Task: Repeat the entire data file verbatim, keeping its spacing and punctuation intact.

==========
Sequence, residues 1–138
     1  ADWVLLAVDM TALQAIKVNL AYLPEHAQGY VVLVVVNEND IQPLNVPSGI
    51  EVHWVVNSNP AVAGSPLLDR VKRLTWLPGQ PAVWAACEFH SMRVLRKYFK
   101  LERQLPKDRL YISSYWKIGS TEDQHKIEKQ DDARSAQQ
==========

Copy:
Sequence, residues 1–138
     1  ADWVLLAVDM TALQAIKVNL AYLPEHAQGY VVLVVVNEND IQPLNVPSGI
    51  EVHWVVNSNP AVAGSPLLDR VKRLTWLPGQ PAVWAACEFH SMRVLRKYFK
   101  LERQLPKDRL YISSYWKIGS TEDQHKIEKQ DDARSAQQ